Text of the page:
PowerShell for the SQL Server DBA - Pipelines
Moving forward with the PowerShell series, it is now time to talk about pipelines. As I mentioned in my previous article, likewise CMDLETs, I think that pipelines are one of those key things that make PowerShell special, and we'll see how they can be used to solve problems in a particular way.
In this article, we will cover the basics of pipelines in PowerShell and take a look at several examples to get a better grasp of them.
- A very basic knowledge of coding in any other programming language will be assumed.
- No direct interaction with SQL Server will be covered in this article, that will be covered in a separate article.
Important note: I will be presenting all the examples using Windows, but that shouldn't be a showstopper for you to follow along in any other OS of your choosing.
Pipelines in PowerShell
Talking about pipes, not in the programming space but in the real world, a pipe is something used to carry stuff from point A all along the way to point B.
In computing, a pipeline is a set of data-processing elements connected serially, where the output of one element (pipe) is the input for the very next element within the pipeline.
In PowerShell, this concept is applied exactly like that, and it opens up a new door with many possibilities to craft a variety of solutions for a range of problems. As with all of the articles in the series so far, let's start learning about pipelines with example.
Let's see what happens when we take the output of the classic Get-Date cmdlet and send it to the Format-List cmdlet. By the way, the Format-List cmdlet formats the output of a command as a list of properties in which each property is displayed on a separate line.
Note: to separate each element of the pipeline you do it with the character "|" as follows:
Get-Date | Format-List
Using Multiple Pipes
Am I limited to just pipelining 2 elements? Let's find out.
Get-Date | Format-List | Out-File -FilePath .\Pipeline.txt
In the third pipe I've instructed PowerShell to grab the output of "Format-List" and send it to a file, and it works flawlessly!
I'm not sure if there's any limit in the amount of elements that the pipeline can have, at least I haven't read anything from Microsoft's official documentation or anywhere else, so I guess you can go wild there.
More Pipeline Examples
Let's take a look at more examples to see the things we can achieve with pipelines.
System Administrators often use PowerShell for their day-to-day tasks. A classic example would be the usage of the "Get-Service" cmdlet to retrieve the list of services available in the server, and the respective status (Running/Stopped) for each. Since the output that the Get-Service cmdlet returns is a bit large, sometimes SysAdmins just want to check a few items and move on to another thing.
Let's see how we can filter the list of services by using a pipeline.
If we use the "Where-Object" cmdlet, along with a specific property selector, we can filter only the service with a specific value, like this:
Get-Service | Where-Object -Property Status -eq Running
We can use a very similar approach if we want to check if there are services that match a certain string, like this.
Get-Service | Where-Object -Property DisplayName -match 'SQL*'
For this example, I want to see if there are services in my server that have anything to do with SQL.
An automation use case could be if you create a script that constantly checks if the SQL services are up and running, and attempt to start those in a Stopped status, which in theory should be up and running. This could be achieved by modifying a bit the previous pipeline, as follows:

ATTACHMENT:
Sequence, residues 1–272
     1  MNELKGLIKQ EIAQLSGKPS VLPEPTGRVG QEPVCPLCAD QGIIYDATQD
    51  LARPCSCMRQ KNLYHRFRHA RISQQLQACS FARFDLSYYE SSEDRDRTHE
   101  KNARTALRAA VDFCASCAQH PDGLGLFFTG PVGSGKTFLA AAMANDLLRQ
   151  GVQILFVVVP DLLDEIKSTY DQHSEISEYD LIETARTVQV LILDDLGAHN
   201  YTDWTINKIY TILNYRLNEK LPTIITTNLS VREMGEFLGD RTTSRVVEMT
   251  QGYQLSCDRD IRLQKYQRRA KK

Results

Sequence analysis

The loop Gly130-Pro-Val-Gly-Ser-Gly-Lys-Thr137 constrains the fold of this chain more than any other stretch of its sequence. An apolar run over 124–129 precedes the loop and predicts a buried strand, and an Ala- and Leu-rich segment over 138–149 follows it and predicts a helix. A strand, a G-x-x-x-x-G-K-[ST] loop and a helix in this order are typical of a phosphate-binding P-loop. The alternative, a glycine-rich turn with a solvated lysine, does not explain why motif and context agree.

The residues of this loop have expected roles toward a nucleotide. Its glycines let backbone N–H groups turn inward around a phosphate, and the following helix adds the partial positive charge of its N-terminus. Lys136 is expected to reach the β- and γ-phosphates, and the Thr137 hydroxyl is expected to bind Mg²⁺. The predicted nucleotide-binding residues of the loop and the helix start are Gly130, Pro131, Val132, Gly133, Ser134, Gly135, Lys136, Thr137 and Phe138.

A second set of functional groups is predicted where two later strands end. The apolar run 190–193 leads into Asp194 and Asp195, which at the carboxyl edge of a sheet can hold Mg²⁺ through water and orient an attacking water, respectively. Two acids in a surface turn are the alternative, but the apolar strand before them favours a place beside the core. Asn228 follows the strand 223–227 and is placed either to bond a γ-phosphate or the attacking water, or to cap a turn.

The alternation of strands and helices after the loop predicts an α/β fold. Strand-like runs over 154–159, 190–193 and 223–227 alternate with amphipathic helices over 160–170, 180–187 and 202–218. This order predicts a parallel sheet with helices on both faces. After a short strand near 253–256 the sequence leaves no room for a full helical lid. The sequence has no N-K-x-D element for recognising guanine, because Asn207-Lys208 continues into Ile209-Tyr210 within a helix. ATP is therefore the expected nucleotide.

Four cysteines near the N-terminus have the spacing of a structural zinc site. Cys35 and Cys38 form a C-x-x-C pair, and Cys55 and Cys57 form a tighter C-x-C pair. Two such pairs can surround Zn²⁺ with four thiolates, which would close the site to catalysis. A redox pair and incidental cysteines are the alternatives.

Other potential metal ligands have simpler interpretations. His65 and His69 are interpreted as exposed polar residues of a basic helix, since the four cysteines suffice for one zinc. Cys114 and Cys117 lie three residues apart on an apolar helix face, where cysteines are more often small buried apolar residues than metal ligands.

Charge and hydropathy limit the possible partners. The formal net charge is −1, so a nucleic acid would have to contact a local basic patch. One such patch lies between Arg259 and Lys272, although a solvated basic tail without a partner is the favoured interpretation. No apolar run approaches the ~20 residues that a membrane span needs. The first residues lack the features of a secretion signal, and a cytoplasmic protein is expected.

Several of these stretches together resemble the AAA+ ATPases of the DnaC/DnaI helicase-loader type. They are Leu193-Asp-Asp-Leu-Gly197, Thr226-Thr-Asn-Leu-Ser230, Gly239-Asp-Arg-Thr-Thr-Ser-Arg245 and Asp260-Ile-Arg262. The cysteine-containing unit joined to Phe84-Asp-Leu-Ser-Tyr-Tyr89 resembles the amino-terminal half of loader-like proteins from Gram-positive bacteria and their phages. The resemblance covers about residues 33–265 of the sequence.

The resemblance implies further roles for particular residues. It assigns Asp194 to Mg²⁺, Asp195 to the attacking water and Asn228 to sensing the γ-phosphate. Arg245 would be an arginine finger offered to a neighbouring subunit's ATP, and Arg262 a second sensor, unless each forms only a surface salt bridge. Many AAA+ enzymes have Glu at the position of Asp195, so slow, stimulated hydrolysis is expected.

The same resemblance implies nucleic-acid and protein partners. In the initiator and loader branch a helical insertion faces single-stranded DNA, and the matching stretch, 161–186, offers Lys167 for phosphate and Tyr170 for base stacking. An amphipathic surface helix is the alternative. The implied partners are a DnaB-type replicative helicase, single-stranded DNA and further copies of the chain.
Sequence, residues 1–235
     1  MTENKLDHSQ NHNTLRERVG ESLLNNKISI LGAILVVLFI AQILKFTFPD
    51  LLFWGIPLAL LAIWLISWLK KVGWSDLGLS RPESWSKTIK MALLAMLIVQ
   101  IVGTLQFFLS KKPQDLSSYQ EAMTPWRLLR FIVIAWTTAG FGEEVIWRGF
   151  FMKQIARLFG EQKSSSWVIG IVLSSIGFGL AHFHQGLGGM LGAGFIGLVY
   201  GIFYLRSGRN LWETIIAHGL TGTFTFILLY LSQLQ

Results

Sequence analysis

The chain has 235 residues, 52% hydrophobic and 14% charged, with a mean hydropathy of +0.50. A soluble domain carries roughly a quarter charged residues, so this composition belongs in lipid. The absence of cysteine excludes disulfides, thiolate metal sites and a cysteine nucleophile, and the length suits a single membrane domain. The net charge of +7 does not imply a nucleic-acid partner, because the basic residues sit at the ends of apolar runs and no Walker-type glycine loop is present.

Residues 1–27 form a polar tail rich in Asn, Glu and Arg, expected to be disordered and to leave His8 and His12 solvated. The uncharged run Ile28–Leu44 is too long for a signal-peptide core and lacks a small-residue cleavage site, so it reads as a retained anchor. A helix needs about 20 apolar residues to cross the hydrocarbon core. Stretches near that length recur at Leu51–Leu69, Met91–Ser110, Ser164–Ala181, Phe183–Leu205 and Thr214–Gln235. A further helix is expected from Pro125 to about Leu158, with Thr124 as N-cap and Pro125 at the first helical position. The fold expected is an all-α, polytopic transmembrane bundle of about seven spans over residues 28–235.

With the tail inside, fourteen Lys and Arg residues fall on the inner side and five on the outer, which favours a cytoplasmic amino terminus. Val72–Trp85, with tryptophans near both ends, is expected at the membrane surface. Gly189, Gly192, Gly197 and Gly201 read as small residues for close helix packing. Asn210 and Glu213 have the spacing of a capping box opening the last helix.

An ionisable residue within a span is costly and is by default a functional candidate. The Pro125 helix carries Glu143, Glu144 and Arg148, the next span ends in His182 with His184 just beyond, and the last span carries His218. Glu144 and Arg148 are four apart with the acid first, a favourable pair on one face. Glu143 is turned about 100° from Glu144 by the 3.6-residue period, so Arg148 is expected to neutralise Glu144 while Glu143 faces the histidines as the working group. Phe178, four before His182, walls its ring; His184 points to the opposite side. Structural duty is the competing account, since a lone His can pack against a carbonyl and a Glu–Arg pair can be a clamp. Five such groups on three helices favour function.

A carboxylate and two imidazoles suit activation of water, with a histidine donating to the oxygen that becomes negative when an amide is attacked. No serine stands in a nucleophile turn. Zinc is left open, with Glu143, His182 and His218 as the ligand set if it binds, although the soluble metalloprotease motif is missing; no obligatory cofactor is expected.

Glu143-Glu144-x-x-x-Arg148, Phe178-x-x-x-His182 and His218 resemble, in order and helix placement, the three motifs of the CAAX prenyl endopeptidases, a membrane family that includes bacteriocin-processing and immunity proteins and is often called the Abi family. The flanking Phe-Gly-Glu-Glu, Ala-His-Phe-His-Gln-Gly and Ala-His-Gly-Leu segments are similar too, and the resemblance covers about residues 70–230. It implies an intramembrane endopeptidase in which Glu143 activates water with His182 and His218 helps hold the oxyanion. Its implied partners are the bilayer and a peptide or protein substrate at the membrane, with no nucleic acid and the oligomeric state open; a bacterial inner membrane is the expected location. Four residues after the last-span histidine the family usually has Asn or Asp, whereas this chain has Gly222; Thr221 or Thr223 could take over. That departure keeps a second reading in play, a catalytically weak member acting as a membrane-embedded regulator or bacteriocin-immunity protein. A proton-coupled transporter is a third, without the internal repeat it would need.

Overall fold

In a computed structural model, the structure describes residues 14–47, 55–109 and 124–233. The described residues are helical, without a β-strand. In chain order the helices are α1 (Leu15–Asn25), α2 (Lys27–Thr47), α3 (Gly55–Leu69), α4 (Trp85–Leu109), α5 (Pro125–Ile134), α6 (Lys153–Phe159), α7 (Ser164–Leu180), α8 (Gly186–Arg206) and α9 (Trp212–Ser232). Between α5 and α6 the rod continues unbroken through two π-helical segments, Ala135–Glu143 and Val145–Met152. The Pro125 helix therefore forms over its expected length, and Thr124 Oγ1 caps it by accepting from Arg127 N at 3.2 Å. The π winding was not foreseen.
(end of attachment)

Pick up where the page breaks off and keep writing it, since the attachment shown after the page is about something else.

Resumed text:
Get-Service | Where-Object -Property DisplayName -match 'SQL*' | Where-Object -Property Status -eq Stopped | Start-Service
In a similar fashion, SysAdmins also use a lot the Get-Process cmdlet to query the list of processes being run in the system:
Pass Script Output Down the Pipeline
A valid question you might ask is: "can I pass the output of my custom script down the pipeline?". Let's find out.
I've created a script called pipe1.ps1 that defines an integer variable and returns its value times 2. Then, that output is passed down the pipeline and it displays the received value and the same value slashed by half.
Chain PowerShell Scripts with Pipelines
Another valid question might be: "can I chain my PowerShell scripts in the pipeline?". Let's find out.
Script pipe1.ps1 this time, for simplicity, will only return an integer.
As you can see, the trick for the script that will receive something from the pipeline is to set the ValueFromPipeline=$true in the attributes section of the "Param" block.
And if I change the value being returned by pipe1.ps1, the output will react accordingly:
Pretty cool if you ask me! Because this allows you to build complex solutions in a modular fashion. One use case that comes to my mind is having one script that returns a list of SQL Server instances and another script that grabs each instance and performs a connectivity test.
I'll definitely be having some fun trying to come up with cool SQL Server-specific examples in future articles to share with you.
- In case you missed it, check out the previous article PowerShell for the DBA - CMDLETs and Advanced Functions
- As I've mentioned several times throughout the series, make sure to adhere as much as possible to best practices. Be very descriptive with the naming of your scripts so that even chaining them through pipelines makes enough sense for you, and anyone within your team.
- Use pipelines to leverage your creativity while designing solutions through scripting. By combining pipelines with what we have learned so far, you definitely can come up with very cool solutions.
- In the next article we will be taking a look at how to perform DBA tasks using SQL Server CMDLETs and pipelines, so stay tuned!
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Article Last Updated: 2022-06-08